SAN JOSE, May 10, 2009 (AFP) - The death toll from swine flu has topped 50 as Costa Rica reported its first fatality from the virus and Japan and Norway joined a growing list of nations with confirmed cases.
Costa Rican Health Minister Maria Luisa Avila said the country's first victim was a 53-year-old man who died on Saturday after more than a week in a hospital in the capital San Jose.
The man had been suffering from other health problems, including diabetes and a chronic pulmonary condition. Eight other Costa Ricans have contracted A(H1N1) influenza, as the virus is officially known, Avila said.
The United States meanwhile confirmed a third fatality in the northwestern state of Washington as officials said the disease posed a serious problem.
State health officials said in a statement that a man in his 30s with an underlying heart condition had died last week with what appeared to be complications from the swine flu virus.
It was the first US death from swine flu reported outside the state of Texas bordering Mexico -- the epicentre of the global epidemic, where nearly all of the swine flu deaths so far have been recorded.
"Our assessment is that transmission here in the US is ongoing, that this is a very transmissible virus, similar to the seasonal influenza viruses," said Anne Schuchat of the US Centers for Disease Control and Prevention (CDC).
In Tokyo, a high school student who recently returned from North America has tested positive for swine flu in Japan's fourth confirmed case of the virus, a government official said.
The Japanese teenager was among 49 passengers who were quarantined near Tokyo's Narita International Airport following confirmation of Japan's first three cases of the A(H1N1) influenza virus Saturday.
Earlier, the health ministry said a teacher and two of the student's schoolmates, who had been on a trip to Canada, tested positive for the virus.
The other passengers, whose nationalities were not released by authorities, arrived in Tokyo from the US city of Detroit on Friday aboard the same flight as the school party.
"The four infected people have received medical treatment in hospital but we have heard that they are not in extremely bad condition," said Yutaka Ohno, a health ministry spokesman.
In Norway, health officials announced the country's first two confirmed swine flu cases, both young adults who had recently returned from Mexico.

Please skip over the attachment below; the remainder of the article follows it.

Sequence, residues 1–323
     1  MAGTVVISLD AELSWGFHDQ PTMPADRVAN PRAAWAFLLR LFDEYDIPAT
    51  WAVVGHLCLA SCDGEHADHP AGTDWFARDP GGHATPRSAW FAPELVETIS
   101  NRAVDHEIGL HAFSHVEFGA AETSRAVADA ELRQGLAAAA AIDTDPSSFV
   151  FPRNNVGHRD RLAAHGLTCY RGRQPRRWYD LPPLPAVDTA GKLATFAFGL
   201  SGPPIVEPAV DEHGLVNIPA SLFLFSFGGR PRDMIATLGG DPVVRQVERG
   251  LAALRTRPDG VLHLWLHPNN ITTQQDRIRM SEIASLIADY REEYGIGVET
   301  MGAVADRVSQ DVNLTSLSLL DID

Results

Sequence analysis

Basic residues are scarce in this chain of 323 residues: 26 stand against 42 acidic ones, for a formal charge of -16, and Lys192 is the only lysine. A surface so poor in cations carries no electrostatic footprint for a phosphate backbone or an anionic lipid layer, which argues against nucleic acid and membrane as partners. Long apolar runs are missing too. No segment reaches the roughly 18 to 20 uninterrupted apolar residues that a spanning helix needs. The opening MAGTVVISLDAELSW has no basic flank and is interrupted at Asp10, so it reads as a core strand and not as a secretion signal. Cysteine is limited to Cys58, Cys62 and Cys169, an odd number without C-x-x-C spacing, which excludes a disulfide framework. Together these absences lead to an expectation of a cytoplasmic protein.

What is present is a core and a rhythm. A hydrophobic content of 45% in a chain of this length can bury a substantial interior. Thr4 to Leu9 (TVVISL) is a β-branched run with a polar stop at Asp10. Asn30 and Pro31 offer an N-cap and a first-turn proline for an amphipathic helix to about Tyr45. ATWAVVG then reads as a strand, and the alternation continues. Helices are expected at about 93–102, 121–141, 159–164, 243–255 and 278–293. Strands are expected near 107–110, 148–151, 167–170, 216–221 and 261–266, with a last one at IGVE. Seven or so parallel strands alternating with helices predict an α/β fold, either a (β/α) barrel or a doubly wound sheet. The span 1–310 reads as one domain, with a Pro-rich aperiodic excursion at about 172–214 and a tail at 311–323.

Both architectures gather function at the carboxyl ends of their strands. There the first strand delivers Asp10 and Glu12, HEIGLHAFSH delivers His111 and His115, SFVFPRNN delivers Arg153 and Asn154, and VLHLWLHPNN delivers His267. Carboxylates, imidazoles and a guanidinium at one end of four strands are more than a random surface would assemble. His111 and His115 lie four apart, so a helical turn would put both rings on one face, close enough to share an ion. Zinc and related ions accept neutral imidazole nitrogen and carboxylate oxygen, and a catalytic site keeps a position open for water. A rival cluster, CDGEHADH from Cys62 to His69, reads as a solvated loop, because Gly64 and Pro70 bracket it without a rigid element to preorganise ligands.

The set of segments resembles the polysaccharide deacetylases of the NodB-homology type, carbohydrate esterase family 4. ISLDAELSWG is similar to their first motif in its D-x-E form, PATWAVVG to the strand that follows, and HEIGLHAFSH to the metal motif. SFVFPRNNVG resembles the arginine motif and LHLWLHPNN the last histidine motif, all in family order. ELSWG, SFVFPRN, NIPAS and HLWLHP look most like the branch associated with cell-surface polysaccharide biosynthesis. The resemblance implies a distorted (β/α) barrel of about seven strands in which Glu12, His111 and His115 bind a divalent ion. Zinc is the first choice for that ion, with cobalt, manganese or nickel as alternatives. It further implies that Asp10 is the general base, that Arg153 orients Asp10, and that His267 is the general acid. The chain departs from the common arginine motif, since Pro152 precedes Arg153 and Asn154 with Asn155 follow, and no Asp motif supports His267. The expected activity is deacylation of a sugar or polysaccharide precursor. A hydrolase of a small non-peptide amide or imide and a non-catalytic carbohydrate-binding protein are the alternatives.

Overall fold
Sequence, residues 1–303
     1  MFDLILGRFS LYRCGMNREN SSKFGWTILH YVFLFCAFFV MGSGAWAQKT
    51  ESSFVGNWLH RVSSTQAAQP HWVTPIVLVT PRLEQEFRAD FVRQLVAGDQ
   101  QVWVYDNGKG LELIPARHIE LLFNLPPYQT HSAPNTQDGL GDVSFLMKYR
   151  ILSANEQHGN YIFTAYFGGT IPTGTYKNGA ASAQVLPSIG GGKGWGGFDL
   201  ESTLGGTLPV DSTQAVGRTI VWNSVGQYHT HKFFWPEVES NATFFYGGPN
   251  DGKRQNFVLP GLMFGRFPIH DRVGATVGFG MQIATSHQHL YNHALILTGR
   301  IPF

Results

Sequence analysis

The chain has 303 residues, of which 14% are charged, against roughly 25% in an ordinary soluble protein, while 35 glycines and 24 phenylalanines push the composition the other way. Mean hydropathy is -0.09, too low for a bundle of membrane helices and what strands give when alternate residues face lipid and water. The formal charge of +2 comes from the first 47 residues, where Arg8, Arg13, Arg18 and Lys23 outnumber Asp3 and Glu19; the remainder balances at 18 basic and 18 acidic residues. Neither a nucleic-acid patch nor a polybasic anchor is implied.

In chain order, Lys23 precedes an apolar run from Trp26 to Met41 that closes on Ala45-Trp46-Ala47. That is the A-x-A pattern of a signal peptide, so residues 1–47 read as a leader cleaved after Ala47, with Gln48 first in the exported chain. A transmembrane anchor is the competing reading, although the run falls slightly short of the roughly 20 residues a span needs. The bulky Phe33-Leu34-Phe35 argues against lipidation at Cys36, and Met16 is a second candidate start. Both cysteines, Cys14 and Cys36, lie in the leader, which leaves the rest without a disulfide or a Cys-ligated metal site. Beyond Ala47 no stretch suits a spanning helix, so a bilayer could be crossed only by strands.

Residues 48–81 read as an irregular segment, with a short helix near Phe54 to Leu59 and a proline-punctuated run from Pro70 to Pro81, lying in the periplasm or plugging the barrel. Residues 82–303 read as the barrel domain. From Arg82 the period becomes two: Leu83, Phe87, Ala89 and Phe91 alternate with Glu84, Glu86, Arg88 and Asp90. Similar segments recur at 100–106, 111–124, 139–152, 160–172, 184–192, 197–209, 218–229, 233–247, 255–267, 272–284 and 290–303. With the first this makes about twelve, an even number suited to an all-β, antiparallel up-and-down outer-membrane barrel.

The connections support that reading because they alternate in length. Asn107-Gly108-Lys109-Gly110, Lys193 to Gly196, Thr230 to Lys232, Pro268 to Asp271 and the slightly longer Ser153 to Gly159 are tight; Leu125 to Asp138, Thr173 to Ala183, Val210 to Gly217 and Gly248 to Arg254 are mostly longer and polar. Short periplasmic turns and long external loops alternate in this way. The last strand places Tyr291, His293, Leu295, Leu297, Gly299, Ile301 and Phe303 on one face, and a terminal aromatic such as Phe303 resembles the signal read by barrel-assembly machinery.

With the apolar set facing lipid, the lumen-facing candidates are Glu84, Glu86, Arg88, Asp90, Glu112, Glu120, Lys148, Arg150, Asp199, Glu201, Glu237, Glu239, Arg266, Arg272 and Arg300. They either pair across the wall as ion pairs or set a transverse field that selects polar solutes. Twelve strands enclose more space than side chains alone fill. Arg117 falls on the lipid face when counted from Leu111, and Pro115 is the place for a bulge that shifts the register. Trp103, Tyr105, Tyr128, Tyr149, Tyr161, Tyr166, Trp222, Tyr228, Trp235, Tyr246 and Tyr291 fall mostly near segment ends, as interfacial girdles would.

There have now been 48 deaths recorded in Mexico along with three US deaths and one each in Canada and Costa Rica. The World Health Organization has still to confirm three of the Mexican fatalities and the latest one from Costa Rica.
The United States has overtaken Mexico as the country with the highest number of cases.
The United States now has 2,254 confirmed cases with 104 people hospitalized; Mexico has recorded 1,626 cases including its 48 deaths, and done 5,580 tests.
Cases were confirmed in 44 of the 50 US states and the capital Washington. Health authorities were now focusing on the characteristics of the new virus and on developing a vaccine, Schuchat said.
Swine flu has now been reported in a total of 31 nations and the latest WHO figures -- which do not include new cases in Costa Rica, Japan, Mexico, Norway, Spain and the United States -- put the total number of infected at 3,440.
Canada has the world's third highest number of swine flu infections, with 281 cases, and on Friday reported its first death.
The sharp increase in cases from WHO's Friday count of 2,500 cases reflected the doubling of confirmed cases in the United States.
Mexico gradually returned to normal life this week, reopening tourist sites, Mexico City eateries, theaters and cinemas after a shutdown of more than a week. Universities and high schools reopened on Thursday and primary schools were due to open on Monday.
US President Barack Obama warned the nation on Friday that it was not out of the woods yet, as across the northern border, a woman in western Alberta province became the first person in Canada to succumb to the disease.
"We are seeing that the virus may not have been as virulent as we at first feared," Obama said at a Spanish-language town hall-style meeting at the White House.
"But we are not out of the woods yet. We still have to take precautions."
The US president warned the autumn and winter flu season later in the year could be "even worse" and lead to a fresh spike in the number of cases.